R12. Bob creates and funds the new loan (likely with zero new funds) with an expiration time of 48 hours on the Lending DAC using activation hash HASH(passwordD), void hash HASH(passwordE), completion hash HASH(passwordB), and the conditions of the new loan.
R13. Alice inspects the loan Bob created and verifies all the values and conditions are good.
R14. Alice creates the new downvote collateral designated to Bob with an expiration time of 24 hours on the DNS DAC using stage 1 hash HASH(passwordD), stage 2 hash HASH(passwordE), stage 3 hash HASH(passwordF), void hash HASH(passwordB), and the new point deduction they agreed on. This is done no later than 24 hours after step R12, otherwise Alice doesn't create the new downvote collateral, Bob lets the the new loan expire, and they start over from step R10.
R15. Bob inspects the new downvote collateral Alice created and verifies all the values are good.
R16. Bob activates the new downvote collateral by revealing passwordD on the DNS DAC.
R17. Alice takes the revealed passwordD and uses it to make her old downvote collateral and old loan both void. (The order of R17 and R18 can be swapped.)
R18. Bob activates the new loan using passwordD on the Lending DAC. (The order of R17 and R18 can be swapped.)

From this point the steps are similar to steps 9 to 15 except using the new loan and new downvote collateral.

Attacks that will not work:
1. After step 3, Bob cannot activate the downvote collateral to stage 3 because he does not know passwordA yet and therefore cannot even activate it to stage 1.
2. After step 4, if the values on the downvote collateral are not what Bob agreed to, he can refuse to create the loan. Alice would then have to wait 24 hours for the downvote collateral to become void.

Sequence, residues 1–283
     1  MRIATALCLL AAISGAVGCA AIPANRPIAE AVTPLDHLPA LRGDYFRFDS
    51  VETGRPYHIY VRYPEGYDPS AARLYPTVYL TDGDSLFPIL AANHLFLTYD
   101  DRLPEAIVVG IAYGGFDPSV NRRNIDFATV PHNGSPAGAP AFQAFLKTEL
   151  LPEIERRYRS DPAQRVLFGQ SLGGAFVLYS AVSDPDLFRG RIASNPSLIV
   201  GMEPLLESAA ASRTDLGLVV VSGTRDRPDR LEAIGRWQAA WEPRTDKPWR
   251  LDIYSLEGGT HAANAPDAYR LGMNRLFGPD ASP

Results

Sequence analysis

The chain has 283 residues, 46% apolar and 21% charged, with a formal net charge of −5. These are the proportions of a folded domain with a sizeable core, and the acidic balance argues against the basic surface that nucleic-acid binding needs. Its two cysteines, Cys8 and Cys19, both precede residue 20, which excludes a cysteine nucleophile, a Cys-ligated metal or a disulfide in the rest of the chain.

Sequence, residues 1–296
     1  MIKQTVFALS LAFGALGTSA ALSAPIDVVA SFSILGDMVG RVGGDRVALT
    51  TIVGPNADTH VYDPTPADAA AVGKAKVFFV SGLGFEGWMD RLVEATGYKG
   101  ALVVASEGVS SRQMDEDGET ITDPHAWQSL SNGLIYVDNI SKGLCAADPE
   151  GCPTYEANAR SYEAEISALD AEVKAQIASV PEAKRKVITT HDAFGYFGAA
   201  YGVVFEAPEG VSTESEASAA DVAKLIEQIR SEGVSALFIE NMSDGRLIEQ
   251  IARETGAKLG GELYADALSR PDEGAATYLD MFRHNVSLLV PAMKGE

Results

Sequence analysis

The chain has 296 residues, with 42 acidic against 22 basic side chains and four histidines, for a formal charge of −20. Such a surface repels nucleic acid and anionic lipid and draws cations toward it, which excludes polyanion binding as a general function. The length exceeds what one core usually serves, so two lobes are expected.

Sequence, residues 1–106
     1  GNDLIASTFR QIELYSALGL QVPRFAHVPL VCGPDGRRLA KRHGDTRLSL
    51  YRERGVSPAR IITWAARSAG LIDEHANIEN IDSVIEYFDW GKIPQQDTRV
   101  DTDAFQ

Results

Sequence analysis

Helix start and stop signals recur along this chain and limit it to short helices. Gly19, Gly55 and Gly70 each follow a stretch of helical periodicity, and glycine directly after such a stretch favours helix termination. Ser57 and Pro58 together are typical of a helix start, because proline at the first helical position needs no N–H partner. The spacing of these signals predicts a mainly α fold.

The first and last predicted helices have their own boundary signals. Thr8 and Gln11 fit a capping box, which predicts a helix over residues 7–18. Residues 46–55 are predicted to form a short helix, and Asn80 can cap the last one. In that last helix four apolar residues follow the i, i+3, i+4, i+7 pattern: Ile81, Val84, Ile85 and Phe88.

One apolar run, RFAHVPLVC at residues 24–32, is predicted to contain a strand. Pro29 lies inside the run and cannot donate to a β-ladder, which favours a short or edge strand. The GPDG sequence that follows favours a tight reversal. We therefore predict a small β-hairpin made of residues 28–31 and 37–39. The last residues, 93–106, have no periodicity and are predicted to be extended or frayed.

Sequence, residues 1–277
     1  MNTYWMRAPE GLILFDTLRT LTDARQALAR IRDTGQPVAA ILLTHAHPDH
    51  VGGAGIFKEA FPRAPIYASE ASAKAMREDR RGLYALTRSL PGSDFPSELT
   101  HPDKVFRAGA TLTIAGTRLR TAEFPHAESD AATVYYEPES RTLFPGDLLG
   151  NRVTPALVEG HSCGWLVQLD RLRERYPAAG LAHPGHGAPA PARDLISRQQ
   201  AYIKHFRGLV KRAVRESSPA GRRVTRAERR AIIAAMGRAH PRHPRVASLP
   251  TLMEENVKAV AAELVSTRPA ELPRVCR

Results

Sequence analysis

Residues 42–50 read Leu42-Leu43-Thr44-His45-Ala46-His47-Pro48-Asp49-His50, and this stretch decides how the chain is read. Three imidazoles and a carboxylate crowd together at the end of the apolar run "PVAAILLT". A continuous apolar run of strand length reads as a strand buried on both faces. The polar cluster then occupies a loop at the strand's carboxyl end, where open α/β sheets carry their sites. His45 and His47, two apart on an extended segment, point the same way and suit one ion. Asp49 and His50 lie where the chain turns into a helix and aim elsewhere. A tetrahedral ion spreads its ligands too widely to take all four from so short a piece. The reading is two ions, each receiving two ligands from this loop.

3. After step 5, if Alice disappears, Bob has to just wait 24 hours and the loan will expire and he will get his money back.
4. After step 6, if the values and conditions of the loan are not what Alice agreed to, she can refuse to activate the loan. Bob will eventually get his money back after the loan expires, and Alice's downvote collateral will eventually become void without Bob having any chance to activate it.
5. After step 7, Alice cannot make her downvote collateral void to create a collateral-less loan, because she does not know passwordD. Bob has plenty of time (24 hours or more) to complete step 8 before the downvote collateral expires and becomes void.
6. Anytime after step 7 but before step 14, if Bob for some reason activates the downvote collateral to stage 2 even though Alice has not violated the loan conditions, she can take the revealed passwordB and use it make the loan void. Bob will likely later activate the downvote collateral to stage 3 causing Alice to lose some reputation points. However, since the loan is now void and the downvote collateral has already been activate, Alice has no reason to keep paying the monthly payments. She can instead direct those monthly payments into paying Bob via the downvote collateral to get rid of the downvotes. The reason this is not a really an attack is because Bob doesn't gain a financial advantage in doing this. If he let Alice continue paying the loan he had a good chance of getting back his principal and interest. However, if he activates the downvote collateral he might eventually get back the principal and interest, or he might not. Also, Alice could take her time paying Bob to increase her reputation points. Instead of Bob receiving the 21,600 BitUSD over 36 months, he may only get it back after 10 years (or never). That is a huge opportunity cost for Bob. The only rational move for Bob is to not activate the downvote collateral unless that is his last option, meaning Alice defaulted on the loan.